It’s One Of The Most Accurate
Rifle Cartridges Ever.
The .308 Winchester is the civilian version of the 7.62x51mm NATO, a round derived by the US military from the .300 Savage to approximate the World War II ballistics of the .30-06. Introduced commercially in 1952, 3 years before the 7.62×51, the .308 became a standard chambering in rifles around the world.
Any military round has a commercial advantage, especially those adopted by the US, but the .308 and 7.62×51 aren’t exactly the same round. The differences aren’t as large as those between the .223 Remington and 5.56mm NATO, but they can cause problems in a few rifles. The chambers of 7.62×51 rifles are often generous, especially in autoloaders for easier function, and military brass is usually thicker. As result, some commercial .308 ammo may stretch or even separate when fired in some 7.62×51 chambers, and some 7.62×51 ammo may not chamber in some .308 rifles. If you own a 7.62×51 rifle and want to use .308 ammo, it’s sensible to have a gunsmith check the headspace to make sure it matches .308 specifications.
Otherwise, the only real difference between the two rounds occurs in handloading: Maximum .308 loads sometimes develop too-high pressures when fired in heavier military brass. The loads tested for this column in the Ruger American all used .308 data, and were fired in commercial Remington brass averaging 185 grains in weight. They’re a grain or two under the listed maximum, so shouldn’t be too hot with military brass, though velocities will probably be higher than in the Ruger. If using similar-weight commercial brass, they can be safely increased slightly.
There are other reasons for the .308’s popularity. It recoils relatively modestly, and more types of bullets are available in .30 than any other caliber. Also, while some shooters argue “inherently accurate” cartridges don’t exist, if they exist .308 would be on the short list. It’s been used in just about every target discipline, even short-range benchrest shooting, and shoots accurately even in factory hunting rifles.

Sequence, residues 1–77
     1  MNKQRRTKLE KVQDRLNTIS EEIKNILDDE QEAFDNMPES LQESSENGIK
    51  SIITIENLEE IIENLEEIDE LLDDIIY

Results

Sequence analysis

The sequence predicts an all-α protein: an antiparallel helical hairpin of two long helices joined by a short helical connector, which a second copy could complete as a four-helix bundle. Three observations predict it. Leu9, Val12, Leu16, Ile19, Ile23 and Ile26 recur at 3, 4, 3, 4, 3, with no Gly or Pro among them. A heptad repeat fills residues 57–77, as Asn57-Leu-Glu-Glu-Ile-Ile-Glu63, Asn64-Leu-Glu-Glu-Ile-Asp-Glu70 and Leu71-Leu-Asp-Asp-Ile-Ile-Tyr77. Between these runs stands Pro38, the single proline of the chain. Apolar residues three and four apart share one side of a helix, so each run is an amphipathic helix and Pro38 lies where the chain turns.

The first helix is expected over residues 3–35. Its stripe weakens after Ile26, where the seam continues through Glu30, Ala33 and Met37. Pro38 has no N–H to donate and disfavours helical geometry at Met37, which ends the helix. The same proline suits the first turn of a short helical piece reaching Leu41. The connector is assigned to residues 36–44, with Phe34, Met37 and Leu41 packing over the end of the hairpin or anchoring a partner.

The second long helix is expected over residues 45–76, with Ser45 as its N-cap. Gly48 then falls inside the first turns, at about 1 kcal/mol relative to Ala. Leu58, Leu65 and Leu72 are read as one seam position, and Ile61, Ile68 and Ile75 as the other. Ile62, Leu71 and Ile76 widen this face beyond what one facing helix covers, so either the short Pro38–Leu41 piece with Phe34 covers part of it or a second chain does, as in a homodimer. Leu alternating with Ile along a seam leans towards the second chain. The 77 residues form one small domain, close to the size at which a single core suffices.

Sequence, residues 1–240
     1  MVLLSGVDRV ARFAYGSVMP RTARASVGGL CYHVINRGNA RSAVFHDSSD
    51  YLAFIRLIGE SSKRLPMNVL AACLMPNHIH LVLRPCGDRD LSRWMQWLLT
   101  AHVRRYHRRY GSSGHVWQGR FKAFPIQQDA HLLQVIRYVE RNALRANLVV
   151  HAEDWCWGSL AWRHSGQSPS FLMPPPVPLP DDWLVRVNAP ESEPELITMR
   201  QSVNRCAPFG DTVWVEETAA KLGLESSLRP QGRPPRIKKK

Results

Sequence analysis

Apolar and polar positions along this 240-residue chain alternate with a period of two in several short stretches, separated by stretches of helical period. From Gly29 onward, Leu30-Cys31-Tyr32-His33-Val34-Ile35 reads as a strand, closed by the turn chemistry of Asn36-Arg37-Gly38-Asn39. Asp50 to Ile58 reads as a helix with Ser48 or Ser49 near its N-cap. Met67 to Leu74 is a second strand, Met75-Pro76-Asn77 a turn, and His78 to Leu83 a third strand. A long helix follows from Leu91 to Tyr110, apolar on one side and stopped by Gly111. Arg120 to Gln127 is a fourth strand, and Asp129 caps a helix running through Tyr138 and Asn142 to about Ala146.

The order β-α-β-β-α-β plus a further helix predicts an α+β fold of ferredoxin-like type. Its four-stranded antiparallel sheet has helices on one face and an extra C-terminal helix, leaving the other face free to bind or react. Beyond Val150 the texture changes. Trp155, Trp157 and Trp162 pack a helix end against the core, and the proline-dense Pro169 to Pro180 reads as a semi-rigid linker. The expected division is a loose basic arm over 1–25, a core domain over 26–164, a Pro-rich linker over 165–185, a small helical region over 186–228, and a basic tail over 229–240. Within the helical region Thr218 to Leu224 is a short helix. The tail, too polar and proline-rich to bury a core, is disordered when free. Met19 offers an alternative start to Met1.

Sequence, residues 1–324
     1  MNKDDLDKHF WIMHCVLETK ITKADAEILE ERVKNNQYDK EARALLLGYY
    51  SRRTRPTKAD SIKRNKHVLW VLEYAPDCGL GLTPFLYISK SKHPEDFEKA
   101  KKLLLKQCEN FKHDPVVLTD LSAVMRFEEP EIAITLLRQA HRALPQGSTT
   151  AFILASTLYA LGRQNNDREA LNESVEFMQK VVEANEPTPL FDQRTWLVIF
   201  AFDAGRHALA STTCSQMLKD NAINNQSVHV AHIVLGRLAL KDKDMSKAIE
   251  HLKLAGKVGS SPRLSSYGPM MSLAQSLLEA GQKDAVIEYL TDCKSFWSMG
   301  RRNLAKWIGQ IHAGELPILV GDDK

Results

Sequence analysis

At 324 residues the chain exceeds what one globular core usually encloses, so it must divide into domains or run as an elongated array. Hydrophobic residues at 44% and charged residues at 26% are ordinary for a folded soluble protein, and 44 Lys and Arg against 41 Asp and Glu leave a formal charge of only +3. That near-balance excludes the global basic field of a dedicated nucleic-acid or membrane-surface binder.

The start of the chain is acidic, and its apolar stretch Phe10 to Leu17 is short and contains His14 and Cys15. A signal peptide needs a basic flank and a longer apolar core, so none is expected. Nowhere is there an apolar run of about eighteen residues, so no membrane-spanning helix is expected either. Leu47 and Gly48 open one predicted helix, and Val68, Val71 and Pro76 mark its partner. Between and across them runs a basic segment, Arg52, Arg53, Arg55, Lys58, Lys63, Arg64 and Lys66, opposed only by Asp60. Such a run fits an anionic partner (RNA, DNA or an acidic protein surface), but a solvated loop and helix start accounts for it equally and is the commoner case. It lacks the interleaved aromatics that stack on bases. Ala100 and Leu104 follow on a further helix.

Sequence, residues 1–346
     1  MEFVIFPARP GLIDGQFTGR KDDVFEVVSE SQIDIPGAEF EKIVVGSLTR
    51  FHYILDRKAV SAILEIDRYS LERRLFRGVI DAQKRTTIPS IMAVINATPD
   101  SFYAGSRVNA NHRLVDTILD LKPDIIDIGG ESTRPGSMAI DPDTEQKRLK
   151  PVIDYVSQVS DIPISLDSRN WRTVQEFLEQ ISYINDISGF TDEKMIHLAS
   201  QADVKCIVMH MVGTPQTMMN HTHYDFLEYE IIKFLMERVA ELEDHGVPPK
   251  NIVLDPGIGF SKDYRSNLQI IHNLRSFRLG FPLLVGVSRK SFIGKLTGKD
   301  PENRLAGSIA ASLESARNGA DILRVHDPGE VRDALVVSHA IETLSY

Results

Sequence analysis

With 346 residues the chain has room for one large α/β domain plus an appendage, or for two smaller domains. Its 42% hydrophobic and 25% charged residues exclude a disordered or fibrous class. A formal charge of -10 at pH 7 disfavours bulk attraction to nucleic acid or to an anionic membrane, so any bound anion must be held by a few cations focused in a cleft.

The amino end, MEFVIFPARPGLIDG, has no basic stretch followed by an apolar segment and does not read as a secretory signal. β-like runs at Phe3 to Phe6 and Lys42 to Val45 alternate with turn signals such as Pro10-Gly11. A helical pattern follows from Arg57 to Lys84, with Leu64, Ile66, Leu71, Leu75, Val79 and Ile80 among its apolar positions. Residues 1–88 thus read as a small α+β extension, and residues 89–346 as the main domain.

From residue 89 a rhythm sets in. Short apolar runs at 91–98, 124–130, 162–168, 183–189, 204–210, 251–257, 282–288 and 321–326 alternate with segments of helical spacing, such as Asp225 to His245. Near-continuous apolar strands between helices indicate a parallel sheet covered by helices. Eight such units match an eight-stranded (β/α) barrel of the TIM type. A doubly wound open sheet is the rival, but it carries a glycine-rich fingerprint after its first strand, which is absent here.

My first “real” big-game rifle (as opposed to a Mosin-Nagant sporterized with a hacksaw) was a Savage 99 EG in .308. Even in the hands of a 13-year-old it grouped Winchester factory ammo into a little over an inch at 100 yards.
I’ve fooled around with a number of .308’s since, including a couple of other lever-actions, a Remington 7600 pump and a Merkel break-action single shot. All 3-shot groups at 100 yards, whether with factory ammo or handloads, have averaged 1.18 inches, and bolt-actions averaged under an inch.
While the .308 will shoot well with a lot of powders, Hodgdon Varget (above) has become a standard.
The most accurate .308 John’s ever fired is one of the reproductions of Chuck Mawhinney’s M40 sniper
rifles. That is a 5-shot group (below) at 100 yards.
The most accurate bolt was one of the 50 reproduction M40 rifles commissioned a couple years ago by Chuck Mawhinney, the Marine sniper with the highest number of confirmed kills in Vietnam. They’re faithful to the original M40 in every detail, down to the clip-loading slot on top of the Remington 700 action, useless because of the fixed Redfield mount. The green-anodized Redfield scope is a reproduction provided by Leupold, now the owner of the Redfield name.
Mawhinney personally breaks in every rifle with Black Hills’ 175-grain boattail hollowpoint match load. The rifle I shot, serial number 029, averaged under 0.5 inch with the Black Hills ammo—for five shots at 100 yards—not three. Chuck says some of the rifles shoot even better, though I suspect 029 may have shot better with him behind the trigger.